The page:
An association with bacteria may seem logical in colorectal cancer, but breast, pancreatic, and lung tumors are among other cancers that harbor microbial communities, and studies show that tumor microbiomes can shape development, progression and response to treatment.
By adapting cutting-edge technology that allows researchers to detect where genes are turned on and off in slices of tumor tissue – spatial transcriptomics – the team discovered that a range of bacterial species live in oral and colorectal cancers. , but they weren’t evenly distributed.
“We observed bacterial hotspots, or micro-niches, which raised a number of questions about how they formed and might impact cancer biology,” Johnston said.
Regions colonized by bacteria were highly immunosuppressive and had fewer anticancer T cells than other regions. Areas that had T cells in close proximity to bacteria also showed upregulation of immune checkpoint proteins, which limit the anticancer effects of T cells. Several checkpoint inhibitors are approved for use in colorectal cancer, and this study may help explain how a patient’s microbiota might influence whether their cancer responds to a checkpoint inhibitor.
Specific study results:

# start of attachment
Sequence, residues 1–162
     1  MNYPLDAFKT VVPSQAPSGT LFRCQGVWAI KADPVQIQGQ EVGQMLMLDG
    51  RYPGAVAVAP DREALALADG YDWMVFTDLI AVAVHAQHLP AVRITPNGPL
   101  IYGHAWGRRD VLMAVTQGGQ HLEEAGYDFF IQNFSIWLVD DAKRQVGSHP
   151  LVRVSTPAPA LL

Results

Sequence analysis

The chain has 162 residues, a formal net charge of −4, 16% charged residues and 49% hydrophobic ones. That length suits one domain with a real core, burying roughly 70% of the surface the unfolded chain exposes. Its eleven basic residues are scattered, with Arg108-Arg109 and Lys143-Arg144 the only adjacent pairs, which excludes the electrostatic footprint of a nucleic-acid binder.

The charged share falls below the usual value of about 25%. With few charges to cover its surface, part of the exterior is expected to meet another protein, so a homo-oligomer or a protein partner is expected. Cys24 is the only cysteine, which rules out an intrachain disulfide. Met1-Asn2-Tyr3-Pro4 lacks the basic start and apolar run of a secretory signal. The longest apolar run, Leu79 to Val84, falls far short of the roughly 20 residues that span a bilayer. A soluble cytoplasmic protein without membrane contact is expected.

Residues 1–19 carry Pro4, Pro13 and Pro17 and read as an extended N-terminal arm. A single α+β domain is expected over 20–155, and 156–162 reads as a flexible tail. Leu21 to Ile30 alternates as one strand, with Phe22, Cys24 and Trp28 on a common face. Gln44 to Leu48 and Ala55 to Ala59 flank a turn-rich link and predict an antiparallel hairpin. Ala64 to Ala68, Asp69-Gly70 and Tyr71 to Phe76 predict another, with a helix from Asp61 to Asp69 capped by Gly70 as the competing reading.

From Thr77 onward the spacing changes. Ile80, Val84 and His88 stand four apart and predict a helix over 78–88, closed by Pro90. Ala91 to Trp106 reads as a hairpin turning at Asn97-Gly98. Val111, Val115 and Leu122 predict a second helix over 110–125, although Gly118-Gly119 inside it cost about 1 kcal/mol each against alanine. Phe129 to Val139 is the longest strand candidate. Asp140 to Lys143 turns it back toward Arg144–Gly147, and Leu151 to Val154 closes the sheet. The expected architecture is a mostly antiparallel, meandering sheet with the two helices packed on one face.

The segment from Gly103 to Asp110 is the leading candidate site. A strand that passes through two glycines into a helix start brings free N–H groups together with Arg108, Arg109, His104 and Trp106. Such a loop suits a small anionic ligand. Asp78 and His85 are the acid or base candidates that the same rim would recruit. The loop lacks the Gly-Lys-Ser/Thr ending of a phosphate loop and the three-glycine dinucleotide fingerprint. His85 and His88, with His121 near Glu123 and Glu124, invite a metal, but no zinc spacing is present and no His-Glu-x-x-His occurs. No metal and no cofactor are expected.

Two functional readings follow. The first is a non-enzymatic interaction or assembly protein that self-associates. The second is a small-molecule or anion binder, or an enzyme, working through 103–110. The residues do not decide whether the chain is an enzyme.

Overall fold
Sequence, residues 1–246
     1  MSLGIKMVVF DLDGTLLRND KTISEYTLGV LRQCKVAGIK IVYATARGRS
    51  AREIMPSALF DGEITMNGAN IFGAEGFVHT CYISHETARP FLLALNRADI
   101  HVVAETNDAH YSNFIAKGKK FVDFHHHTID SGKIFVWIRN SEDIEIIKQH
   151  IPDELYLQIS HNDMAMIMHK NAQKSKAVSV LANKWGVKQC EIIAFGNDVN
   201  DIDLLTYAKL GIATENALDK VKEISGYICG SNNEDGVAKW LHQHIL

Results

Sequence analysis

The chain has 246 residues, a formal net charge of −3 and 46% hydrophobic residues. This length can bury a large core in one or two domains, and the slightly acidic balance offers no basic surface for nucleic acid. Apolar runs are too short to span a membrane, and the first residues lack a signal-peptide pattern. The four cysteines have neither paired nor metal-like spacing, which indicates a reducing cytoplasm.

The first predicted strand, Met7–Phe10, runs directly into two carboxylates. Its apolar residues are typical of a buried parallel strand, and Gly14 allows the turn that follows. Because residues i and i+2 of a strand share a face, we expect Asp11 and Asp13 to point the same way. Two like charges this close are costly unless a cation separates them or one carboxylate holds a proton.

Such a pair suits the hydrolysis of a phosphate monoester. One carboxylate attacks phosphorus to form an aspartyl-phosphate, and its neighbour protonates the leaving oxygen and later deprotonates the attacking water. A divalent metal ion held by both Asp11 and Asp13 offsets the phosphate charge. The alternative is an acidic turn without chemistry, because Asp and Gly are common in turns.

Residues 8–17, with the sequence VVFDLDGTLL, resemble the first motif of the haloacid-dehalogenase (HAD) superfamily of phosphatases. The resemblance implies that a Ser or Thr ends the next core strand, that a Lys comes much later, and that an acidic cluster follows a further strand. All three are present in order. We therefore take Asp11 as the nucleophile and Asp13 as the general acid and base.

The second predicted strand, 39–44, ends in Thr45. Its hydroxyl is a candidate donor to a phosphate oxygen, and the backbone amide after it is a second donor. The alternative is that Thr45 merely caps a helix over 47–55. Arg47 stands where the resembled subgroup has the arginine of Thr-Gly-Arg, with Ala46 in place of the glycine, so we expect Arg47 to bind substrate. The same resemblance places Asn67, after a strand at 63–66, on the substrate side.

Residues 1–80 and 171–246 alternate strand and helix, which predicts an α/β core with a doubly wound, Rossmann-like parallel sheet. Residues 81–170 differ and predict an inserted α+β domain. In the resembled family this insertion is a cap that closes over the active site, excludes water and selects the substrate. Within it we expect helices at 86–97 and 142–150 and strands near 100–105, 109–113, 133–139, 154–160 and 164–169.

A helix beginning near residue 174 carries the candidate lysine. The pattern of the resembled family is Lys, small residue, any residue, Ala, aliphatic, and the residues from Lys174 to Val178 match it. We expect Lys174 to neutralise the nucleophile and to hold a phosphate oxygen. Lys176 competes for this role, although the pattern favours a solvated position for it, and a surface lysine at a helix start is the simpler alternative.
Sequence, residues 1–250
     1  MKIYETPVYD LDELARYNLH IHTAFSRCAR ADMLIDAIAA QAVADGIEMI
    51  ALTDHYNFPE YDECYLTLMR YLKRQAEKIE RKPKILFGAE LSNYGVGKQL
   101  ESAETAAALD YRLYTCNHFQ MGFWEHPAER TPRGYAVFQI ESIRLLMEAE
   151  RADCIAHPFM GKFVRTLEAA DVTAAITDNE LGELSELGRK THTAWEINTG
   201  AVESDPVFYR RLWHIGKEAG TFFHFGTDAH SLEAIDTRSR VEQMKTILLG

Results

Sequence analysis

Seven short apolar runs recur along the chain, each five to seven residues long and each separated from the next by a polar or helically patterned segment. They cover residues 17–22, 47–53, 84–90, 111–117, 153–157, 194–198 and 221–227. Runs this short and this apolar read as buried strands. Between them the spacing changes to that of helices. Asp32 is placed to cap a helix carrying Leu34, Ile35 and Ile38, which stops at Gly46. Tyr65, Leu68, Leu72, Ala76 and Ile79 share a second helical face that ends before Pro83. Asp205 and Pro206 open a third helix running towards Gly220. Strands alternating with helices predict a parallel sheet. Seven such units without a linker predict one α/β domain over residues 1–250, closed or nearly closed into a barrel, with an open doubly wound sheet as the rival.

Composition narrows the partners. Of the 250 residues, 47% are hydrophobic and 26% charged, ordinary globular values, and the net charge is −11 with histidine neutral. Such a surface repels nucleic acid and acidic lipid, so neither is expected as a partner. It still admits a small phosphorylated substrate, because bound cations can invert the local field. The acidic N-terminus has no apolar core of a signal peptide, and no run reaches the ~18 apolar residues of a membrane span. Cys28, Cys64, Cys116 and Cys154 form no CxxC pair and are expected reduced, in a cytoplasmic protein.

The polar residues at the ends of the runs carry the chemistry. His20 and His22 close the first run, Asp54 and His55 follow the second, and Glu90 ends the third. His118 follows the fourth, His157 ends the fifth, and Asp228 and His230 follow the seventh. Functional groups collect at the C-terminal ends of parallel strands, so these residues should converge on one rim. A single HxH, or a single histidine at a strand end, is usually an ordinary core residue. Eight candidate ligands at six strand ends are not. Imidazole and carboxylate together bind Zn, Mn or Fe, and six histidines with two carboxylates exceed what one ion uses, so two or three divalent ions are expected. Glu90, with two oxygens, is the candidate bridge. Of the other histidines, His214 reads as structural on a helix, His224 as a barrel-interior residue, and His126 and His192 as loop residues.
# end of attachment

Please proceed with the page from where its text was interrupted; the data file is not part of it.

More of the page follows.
- Regions with bacteria were more likely to be necrotic – dying – with fewer dividing cells. Ironically, according to other research, this may be associated with metastasis as cells detach and move to distant sites in the body.
- In the lab, researchers cultured colorectal cancer spheroids, which are tumor cells grown in 3D clusters, with immune cells called neutrophils, which reduce the migration and invasion of T cells. Neutrophils propagate through spheroids without bacteria. But in those that had bacteria, neutrophils migrated to the center of the spheroid and became trapped – a finding that could explain why there are few T cells in regions colonized by bacteria.
- Tumor cells in the spheroids moved differently when bacteria were present. Instead of moving en masse as a group, cancerous epithelial cells migrated as individual cells, taking bacteria with them. This is consistent with earlier work by Bullman showing that F.nucleatum often hitchhiked with colorectal cancer metastases.
- Bacteria-infected tumor cells multiplied genes associated with cancer progression and metastasis. In oral tumor samples, the researchers found that the bacteria preferentially infect cancerous epithelial cells and specific immune cells in patient tumors. Infected tumor cells showed increased DNA damage signaling, a hallmark of cancer. These findings support bacteria having a direct role in forming these micro-niche regions, the researchers said.